Feature story

Five UNAIDS country directors taking the lead in the COVID-19 response

11 June 2020

The experience of the UNAIDS Country Director for El Salvador, Celina Miranda, a trained medical doctor, has been very useful during the COVID-19 outbreak. When the United Nations Resident Coordinator nominated her to be the COVID-19 response team leader within the United Nations in the country, she was honoured.

“I accepted the challenge, since the experience of working at UNAIDS on HIV has given me the skills needed to handle these types of situations,” she said.

To date, she has handled six confirmed COVID-19 cases of United Nations personnel from different agencies. “Some went to hospital, while others self-quarantined, and all are already emerging from the acute stage,” Ms Miranda said.

A main task for COVID-19 coordinators is to determine whether local hospitals could admit and treat United Nations personnel and their dependents. El Salvador was not ready for the pandemic, she said, which added to the pressure.

Ms Miranda, along with four other UNAIDS country directors, has been nominated by the United Nations Country Teams as COVID-19 coordinators in their respective countries.

Vladanka Andreeva in Cambodia, Yafflo Ouattara in Chad, Job Sagbohan in Burkina Faso and Medhin Tsehaiu in Kenya have all felt honoured to take on such a responsibility.

Ms Andreeva explained how in early March the United Nations in Cambodia set up a United Nations Internal COVID-19 Preparedness and Response Team, and she was asked to lead the efforts in ensuring that more than 2500 United Nations staff and their dependents have access to the latest COVID-19 information, treatment, care and support. She developed a contingency plan for the United Nations family and supported the establishment of a medical evacuations process and mental health support services for staff.

Mr Sagbohan, a trained medical epidemiologist who has worked for the World Health Organization during Ebola and yellow fever outbreaks, said he spent a lot of time reassuring employees in order to overcome stress and fear. “Staff were scared, so during the lockdown period I got up to 300 calls a week despite the regular virtual town hall briefings for staff across Burkina Faso.”

He explained that despite UNAIDS’ size and lack of resources compared to other agencies, knowing about infectious diseases has helped greatly. He quickly requested focal points from different organizations and set up a United Nations taskforce against COVID-19. “I have been able to tap into a solid group of motivated people to help me and it has made all the difference.”

For Yafflo Ouattara, the COVID-19 coordinator role suits UNAIDS country directors perfectly. “We are used to getting buy-in from our Cosponsors, so joint teamwork is part of our DNA,” he said. His main task in Chad has been expanding intensive care units and setting up a strong referral system for the management of severe cases. Nearly 7000 United Nations employees and dependents are spread out across the country, some in places where there is no overnight care.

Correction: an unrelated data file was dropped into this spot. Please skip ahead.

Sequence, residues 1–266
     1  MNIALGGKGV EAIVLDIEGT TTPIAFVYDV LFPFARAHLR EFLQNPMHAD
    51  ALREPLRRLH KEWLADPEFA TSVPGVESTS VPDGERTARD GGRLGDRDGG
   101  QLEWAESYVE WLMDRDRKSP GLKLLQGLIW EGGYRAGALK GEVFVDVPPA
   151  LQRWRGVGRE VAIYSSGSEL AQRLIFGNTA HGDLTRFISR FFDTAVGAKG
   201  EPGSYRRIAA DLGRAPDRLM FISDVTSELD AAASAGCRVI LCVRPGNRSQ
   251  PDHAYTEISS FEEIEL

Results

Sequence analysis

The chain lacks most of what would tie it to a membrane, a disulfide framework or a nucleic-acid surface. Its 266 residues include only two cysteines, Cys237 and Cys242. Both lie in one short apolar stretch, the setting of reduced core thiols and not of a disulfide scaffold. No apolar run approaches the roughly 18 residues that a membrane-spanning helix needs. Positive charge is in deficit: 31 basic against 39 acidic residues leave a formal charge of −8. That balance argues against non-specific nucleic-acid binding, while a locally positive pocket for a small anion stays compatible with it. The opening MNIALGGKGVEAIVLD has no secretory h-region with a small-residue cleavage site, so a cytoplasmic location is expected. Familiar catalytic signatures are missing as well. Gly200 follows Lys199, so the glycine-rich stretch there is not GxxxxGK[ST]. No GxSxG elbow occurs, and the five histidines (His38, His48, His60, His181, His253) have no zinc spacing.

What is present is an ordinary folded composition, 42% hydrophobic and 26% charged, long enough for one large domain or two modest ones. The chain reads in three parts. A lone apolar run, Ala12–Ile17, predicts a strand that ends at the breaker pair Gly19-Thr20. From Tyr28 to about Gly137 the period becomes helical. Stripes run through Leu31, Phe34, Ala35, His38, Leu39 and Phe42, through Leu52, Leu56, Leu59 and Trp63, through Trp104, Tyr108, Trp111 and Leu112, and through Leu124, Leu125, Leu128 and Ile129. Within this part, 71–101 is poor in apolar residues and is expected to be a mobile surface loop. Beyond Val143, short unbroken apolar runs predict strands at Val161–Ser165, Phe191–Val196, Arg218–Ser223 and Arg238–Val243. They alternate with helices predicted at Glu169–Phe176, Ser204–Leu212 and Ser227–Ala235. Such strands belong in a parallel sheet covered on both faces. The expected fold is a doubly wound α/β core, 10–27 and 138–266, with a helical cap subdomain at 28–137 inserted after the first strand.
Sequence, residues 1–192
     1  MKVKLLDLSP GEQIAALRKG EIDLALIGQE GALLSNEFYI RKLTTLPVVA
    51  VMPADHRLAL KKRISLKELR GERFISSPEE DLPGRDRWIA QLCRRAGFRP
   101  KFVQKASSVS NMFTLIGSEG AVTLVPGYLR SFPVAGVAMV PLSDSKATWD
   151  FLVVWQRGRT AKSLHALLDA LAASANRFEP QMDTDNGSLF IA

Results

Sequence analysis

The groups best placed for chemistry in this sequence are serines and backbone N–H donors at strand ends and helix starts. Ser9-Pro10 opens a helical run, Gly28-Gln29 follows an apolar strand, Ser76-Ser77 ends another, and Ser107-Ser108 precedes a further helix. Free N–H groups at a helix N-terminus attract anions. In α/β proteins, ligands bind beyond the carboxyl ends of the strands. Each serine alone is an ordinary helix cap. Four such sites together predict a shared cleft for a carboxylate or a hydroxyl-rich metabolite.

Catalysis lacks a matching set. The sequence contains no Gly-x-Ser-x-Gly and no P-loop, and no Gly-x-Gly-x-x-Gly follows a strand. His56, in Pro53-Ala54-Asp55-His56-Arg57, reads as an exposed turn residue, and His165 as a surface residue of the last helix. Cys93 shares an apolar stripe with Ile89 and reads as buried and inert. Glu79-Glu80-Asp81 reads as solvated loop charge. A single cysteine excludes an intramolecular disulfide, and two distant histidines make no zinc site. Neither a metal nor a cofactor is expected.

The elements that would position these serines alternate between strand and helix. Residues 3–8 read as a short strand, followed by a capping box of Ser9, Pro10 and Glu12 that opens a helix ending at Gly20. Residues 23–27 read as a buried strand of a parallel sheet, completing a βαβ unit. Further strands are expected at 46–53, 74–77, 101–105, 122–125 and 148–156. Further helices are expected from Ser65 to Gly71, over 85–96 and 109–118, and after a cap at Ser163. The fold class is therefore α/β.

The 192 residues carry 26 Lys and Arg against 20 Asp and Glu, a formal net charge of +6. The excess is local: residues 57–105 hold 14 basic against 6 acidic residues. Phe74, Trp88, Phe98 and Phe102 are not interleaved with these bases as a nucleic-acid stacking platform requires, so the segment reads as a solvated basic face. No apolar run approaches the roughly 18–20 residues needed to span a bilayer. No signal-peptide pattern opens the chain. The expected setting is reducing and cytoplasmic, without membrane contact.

Like others, he also helped out with the national COVID-19 contingency plan to ensure that people living with HIV have access to treatment and care.

He said that the pandemic highlighted gaping holes in the country’s health system. “Not only were key investments in intensive care never made, some of the basics, like gloves, masks, soap, have been missing all along.”

Living in a COVID-19 world means a lot of readjustments. “We have an opportunity to step in and make our voices heard to overhaul systems,” Mr Ouattara said.

Medhin Tsehaiu agrees. She has been proud to see UNAIDS be part of the greater discussion.

“We are present and we are very actively and willingly doing our share,” she said. But she believes that COVID-19 has forever changed how people work.

All the virtual meetings and no travel has meant that people were much more available, so there was non-stop communication, but it was very time-consuming, she explained. “The crisis brought us together, whether we like it or not, and that has required a lot of collaboration,” Ms Tsehaiu said.

Aside from her long list of tasks as a COVID-19 coordinator, she and a few others started the United Nations Kenya solidarity fund. After much back and forth, they opened a bank account where staff can choose to contribute money during a three-month period that will be dispatched to people in need.

“It’s a way for employees to show empathy and support to the Kenyan people during these difficult times,” she said.

Speaking of solidarity, Ms Andreeva said that the pandemic really tested United Nations reform at the country level, not just in terms of responding to the pandemic but also regarding duty-of-care issues. According to a survey in May, 90% of the staff in Cambodia said that the United Nations leadership at the country level is making the right decisions managing the crisis.

During a virtual town hall meeting of 300 United Nations staff members in El Salvador recently, there was also positive feedback. Ms Miranda said she doesn’t ask for accolades or additional thanks. “I just enjoy helping people and seeing them recover, living their lives fully.”